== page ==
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2016 FI

© Thomson Reuters, Journal Citation Reports, 2016

Indexed in:

Index Current Contents/Clinical Medicine, JCR, SCI-Expanded, Index Medicus/Medline, Excerpta Medica/EMBASE, IBECS, IME, CANCERLIT, SCOPUS


  • Impact Factor: 1.714 (2016)
  • SCImago Journal Rank (SJR):0,43
  • Source Normalized Impact per Paper (SNIP):0,653

© Thomson Reuters, Journal Citation Reports, 2016

Enferm Infecc Microbiol Clin 2017;35:630-7 - DOI: 10.1016/j.eimce.2016.06.004
Original article
Heterogeneous production of proteases from Brazilian clinical isolates of Pseudomonas aeruginosa
La producción heterogénea de las proteasas a partir de aislamientos clínicos brasileños de Pseudomonas aeruginosa
Anna Clara M. Galdinoa,b,1, Lívia Viganorb,c,1, Mariangela Ziccardid, Ana Paula F. Nunese, Kátia R.N. dos Santosf, Marta H. Branquinhab, André L.S. Santosa,b,,
a Programa de Pós-Graduação em Bioquímica, Instituto de Química, Universidade Federal do Rio de Janeiro, Rio de Janeiro, Brazil
b Departamento de Microbiologia Geral, Instituto de Microbiologia Paulo de Góes, Centro de Ciências da Saúde, Universidade Federal do Rio de Janeiro, Rio de Janeiro, Brazil
c The Inorganic Pharmaceutical and Biomimetic Research Centre, Focas Research Institute, Dublin Institute of Technology, Dublin, Ireland
d Laboratório Interdisciplinar de Pesquisas Médicas, Instituto Oswaldo Cruz, Fundação Oswaldo Cruz, Rio de Janeiro, Brazil
e Departamento de Patologia e Programa de Pós-Graduação em Doenças Infecciosas, Universidade Federal do Espírito Santo, Espírito Santo, Brazil
f Departamento de Microbiologia Médica, Instituto de Microbiologia Paulo de Góes, Centro de Ciências da Saúde, Universidade Federal do Rio de Janeiro, Rio de Janeiro, Brazil
Received 13 April 2016, Accepted 26 June 2016

Pseudomonas aeruginosa is an important human pathogen that causes severe infections in a wide range of immunosuppressed patients. Herein, we evaluated the proteolytic profiles of 96 Brazilian clinical isolates of P. aeruginosa recovered from diverse anatomical sites.


Cell-associated and extracellular proteases were evidenced by gelatin–SDS–PAGE and by the cleavage of soluble gelatin. Elastase was measured by using the peptide substrate N-succinyl-Ala-Ala-Ala-p-nitroanilide. The prevalence of elastase genes (lasA and lasB) was evaluated by PCR.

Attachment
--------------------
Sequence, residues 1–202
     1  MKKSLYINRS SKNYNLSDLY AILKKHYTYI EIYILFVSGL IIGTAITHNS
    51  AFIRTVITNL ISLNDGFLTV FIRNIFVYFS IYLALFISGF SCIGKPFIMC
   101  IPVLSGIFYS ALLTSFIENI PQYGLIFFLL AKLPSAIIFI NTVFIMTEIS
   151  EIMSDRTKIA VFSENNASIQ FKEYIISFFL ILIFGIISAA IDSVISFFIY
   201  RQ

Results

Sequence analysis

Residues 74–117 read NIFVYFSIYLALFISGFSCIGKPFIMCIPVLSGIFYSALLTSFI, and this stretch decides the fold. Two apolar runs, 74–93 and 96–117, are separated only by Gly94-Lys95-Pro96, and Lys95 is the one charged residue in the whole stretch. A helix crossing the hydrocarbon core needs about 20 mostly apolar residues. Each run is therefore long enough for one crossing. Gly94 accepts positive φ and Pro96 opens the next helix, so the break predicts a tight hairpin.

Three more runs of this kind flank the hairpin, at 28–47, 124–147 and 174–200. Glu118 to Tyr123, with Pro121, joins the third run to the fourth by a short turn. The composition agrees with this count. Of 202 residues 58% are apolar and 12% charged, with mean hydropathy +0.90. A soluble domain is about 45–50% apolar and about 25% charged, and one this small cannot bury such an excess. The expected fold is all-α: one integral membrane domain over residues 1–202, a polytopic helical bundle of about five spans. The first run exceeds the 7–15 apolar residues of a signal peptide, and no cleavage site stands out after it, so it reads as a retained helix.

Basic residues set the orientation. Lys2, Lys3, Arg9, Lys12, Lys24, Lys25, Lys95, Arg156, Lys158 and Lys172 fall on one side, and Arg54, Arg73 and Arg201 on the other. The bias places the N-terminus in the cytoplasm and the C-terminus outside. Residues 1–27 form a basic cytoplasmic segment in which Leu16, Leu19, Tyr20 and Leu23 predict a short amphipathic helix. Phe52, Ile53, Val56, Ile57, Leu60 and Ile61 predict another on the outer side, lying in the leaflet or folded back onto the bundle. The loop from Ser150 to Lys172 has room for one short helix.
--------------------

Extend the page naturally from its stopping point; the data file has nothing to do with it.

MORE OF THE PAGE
Bacterial extracts were initially applied on gelatin–SDS–PAGE and the results revealed four distinct zymographic profiles as follows: profile I (composed by bands of 145, 118 and 50kDa), profile II (118 and 50kDa), profile III (145kDa) and profile IV (118kDa). All the proteolytic enzymes were inhibited by EDTA, identifying them as metalloproteases. The profile I was the most detected in both cellular (79.2%) and extracellular (84.4%) extracts. Overall, gelatinase and elastase activities measured in the spent culture media were significantly higher (around 2-fold) compared to the cellular extracts and the production level varied according to the site of bacterial isolation. For instance, tracheal secretion isolates produced elevated amount of gelatinase and elastase measured in both cellular and extracellular extracts. The prevalence of elastase genes revealed that 100% isolates were lasB-positive and 85.42% lasA-positive. Some positive/negative correlations were showed concerning the production of gelatinase, elastase, isolation site and antimicrobial susceptibility.


The protease production was highly heterogeneous in Brazilian clinical isolates of P. aeruginosa, which corroborates the genomic/metabolic versatility of this pathogen.


Pseudomonas aeruginosa (P. aeruginosa) es un importante patógeno humano que causa graves infecciones en diversos tipos de pacientes inmunodeprimidos. En este trabajo evaluamos los perfiles proteolíticos de 96 aislamientos clínicos brasileños de P. aeruginosa aislados de diferentes localizaciones anatómicas.


Las proteasas extracelulares y de extractos celulares fueron analizadas por SDS-PAGE copolimerizada con gelatina y a través de clivaje de gelatina en solución. La elastasa fue medida usando el substrato peptídico N-succinil-Ala-Ala-Ala-p-nitroanilida. La prevalencia de genes codificantes para elastasa (lasA y lasB) fue evaluada por PCR.


En primer lugar, los extractos de las bacterias fueron aplicados en geles de SDS-PAGE-gelatina, los cuales, después de revelados, revelaron 4 perfiles enzimográficos, así: perfil i (compuesto por bandas de 145, 118 y 50kDa), perfil ii (118 y 50kDa), perfil iii (145kDa) y perfil iv (118kDa). Todas las enzimas proteolíticas fueron inhibidas por EDTA, siendo, por tanto, identificadas como metaloproteasas. El perfil i fue el más detectado tanto en los extractos celulares (79,2%) como en los extracelulares (84,4%). Las actividades de gelatinasa y elastasa medidas en el medio de cultivo fueron significativamente más elevadas (cerca de 2 veces) que en los extractos celulares y el nivel de producción varió de acuerdo al sitio del cual fue aislada la cepa. Por ejemplo, cepas aisladas de secreción traqueal produjeron cantidades elevadas de gelatinasa y elastasa medidas tanto en el extracto celular como en los extractos extracelulares. La prevalencia de los genes de elastasa reveló que el 100% de los aislamientos fueron lasB positivos y 85.42% lasA positivos. En algunos casos se observó una correlación positiva/negativa respecto a la producción de gelatinasa, elastasa, sitio de aislamiento y susceptibilidad antimicrobiana.